Since ChatGPT's launch in 2022, much of the discussion around AI has been in the domain of AI-generated content. The technology is improving efficiency and innovation in leaps and bounds across the software development, marketing, and entertainment industries.
Ever since the term "deepfake" was first coined in 2017 --- describing a type of AI that can create fake but convincing images, audio, and videos --- the media began speculating about how deepfakes could change the world. Fake videos came with the possibility of widespread ethical issues and misuse. If you believed everything you read six years ago, you would have thought that we were headed for a deepfake apocalypse --- a world where seeing is no longer believing and video footage can no longer be trusted.
While AI is one of the hottest trends of the year, it has a dirty little secret: It lies. Okay, it's not really a secret. If you've worked with an AI chatbot like ChatGPT or a text-to-image generator like Stable Diffusion, you've probably seen it hallucinate, or generate a result that was completely unexpected or even blatantly untrue.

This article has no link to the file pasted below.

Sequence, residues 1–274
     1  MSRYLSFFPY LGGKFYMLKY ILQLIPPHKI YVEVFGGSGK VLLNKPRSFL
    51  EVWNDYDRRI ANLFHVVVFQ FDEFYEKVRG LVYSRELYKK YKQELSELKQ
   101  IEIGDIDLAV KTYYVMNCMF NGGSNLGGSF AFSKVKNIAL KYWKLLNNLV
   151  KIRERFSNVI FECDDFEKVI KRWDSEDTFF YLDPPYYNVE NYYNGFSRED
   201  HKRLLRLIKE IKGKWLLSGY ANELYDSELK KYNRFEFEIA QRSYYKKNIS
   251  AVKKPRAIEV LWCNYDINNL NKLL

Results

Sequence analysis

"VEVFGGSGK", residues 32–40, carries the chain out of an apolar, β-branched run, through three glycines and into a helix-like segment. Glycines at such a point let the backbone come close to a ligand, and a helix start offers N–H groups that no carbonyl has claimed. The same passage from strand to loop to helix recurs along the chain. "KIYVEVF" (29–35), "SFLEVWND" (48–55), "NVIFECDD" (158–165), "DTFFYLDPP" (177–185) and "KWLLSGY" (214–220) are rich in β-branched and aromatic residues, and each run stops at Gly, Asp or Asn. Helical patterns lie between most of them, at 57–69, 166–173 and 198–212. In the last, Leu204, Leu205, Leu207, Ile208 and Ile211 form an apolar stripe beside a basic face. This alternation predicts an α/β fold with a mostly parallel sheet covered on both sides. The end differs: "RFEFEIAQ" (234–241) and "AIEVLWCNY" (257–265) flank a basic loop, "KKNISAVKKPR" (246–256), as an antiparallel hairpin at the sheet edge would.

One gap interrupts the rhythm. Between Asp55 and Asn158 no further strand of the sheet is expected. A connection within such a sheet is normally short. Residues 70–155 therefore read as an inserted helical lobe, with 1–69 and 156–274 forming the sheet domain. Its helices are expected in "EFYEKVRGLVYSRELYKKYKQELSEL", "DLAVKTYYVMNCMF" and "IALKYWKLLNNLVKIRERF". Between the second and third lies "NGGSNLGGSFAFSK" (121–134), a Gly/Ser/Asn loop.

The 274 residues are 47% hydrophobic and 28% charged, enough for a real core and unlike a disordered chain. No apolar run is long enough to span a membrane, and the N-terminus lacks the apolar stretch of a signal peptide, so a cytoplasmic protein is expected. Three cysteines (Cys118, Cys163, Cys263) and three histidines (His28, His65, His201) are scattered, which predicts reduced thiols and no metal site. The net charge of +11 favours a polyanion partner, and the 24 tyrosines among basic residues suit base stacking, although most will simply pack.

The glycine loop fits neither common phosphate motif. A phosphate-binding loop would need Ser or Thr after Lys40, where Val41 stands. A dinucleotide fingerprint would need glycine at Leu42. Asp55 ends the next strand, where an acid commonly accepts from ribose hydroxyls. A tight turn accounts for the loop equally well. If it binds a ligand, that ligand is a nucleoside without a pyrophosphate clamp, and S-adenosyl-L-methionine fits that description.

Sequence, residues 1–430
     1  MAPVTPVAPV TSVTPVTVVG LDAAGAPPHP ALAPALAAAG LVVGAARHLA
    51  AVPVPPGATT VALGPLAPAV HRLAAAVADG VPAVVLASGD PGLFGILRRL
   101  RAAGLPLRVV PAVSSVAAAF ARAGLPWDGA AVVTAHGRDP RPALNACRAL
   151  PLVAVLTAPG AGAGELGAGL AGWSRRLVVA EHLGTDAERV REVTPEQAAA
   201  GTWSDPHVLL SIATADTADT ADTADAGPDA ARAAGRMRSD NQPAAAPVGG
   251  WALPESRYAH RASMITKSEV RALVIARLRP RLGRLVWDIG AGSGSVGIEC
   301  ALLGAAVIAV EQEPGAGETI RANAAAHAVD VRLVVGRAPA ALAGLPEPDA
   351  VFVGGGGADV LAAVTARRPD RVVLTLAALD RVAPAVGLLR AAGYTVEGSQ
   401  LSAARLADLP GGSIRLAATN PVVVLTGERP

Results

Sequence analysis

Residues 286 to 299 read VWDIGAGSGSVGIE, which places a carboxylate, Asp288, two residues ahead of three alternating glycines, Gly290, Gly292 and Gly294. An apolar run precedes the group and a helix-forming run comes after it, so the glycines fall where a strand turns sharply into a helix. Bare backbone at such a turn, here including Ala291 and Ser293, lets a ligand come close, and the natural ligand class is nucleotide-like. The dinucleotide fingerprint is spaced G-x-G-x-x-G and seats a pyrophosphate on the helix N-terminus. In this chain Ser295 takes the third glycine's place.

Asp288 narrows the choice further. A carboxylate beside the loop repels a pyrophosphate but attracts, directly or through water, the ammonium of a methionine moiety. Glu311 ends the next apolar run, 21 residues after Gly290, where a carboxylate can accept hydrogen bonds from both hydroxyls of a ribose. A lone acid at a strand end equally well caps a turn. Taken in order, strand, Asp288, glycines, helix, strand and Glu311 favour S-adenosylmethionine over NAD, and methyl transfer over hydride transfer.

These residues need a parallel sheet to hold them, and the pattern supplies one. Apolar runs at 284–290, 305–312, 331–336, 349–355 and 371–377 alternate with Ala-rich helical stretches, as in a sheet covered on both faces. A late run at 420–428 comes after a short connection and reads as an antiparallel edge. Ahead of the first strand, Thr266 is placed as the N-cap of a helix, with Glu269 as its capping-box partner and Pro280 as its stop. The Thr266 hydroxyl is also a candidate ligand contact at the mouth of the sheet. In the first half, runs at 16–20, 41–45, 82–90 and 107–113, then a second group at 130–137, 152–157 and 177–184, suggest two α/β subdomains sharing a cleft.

AI made a big splash this year as the next big thing in technology. Now that AI is famous, it's the target of a lawsuit over copyright infringement.
On the 19th of September, George R.R. Martin, the Author's Guild and a handful of other authors filed a lawsuit against OpenAI, creators of ChatGPT. This follows other lawsuits such as one headlined by Sarah Silverman (which also targeted Meta). Between these two lawsuits, the authors allege that OpenAI's ChatGPT and Meta's LLaMA were trained on datasets containing illegally acquired copies of the plaintiffs' works. Their lawsuit claims the books were illegally acquired from pirate websites and that they didn't consent to the use of their copyrighted work as training material.
As a brand-new startup, we found ourselves in need of a company logo. Unfortunately, the graphic designer we were relying upon had recently moved on, leaving us with no internal design expertise.